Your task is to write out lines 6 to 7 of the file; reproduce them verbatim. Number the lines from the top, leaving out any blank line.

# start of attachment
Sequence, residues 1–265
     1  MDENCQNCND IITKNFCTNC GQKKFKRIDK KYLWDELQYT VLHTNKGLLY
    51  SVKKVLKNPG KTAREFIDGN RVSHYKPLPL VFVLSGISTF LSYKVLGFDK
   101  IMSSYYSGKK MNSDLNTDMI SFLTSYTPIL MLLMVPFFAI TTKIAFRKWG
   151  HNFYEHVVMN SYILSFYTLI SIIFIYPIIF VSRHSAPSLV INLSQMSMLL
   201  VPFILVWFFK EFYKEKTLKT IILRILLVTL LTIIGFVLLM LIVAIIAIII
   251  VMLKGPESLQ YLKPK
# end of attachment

   201  VPFILVWFFK EFYKEKTLKT IILRILLVTL LTIIGFVLLM LIVAIIAIII
   251  VMLKGPESLQ YLKPK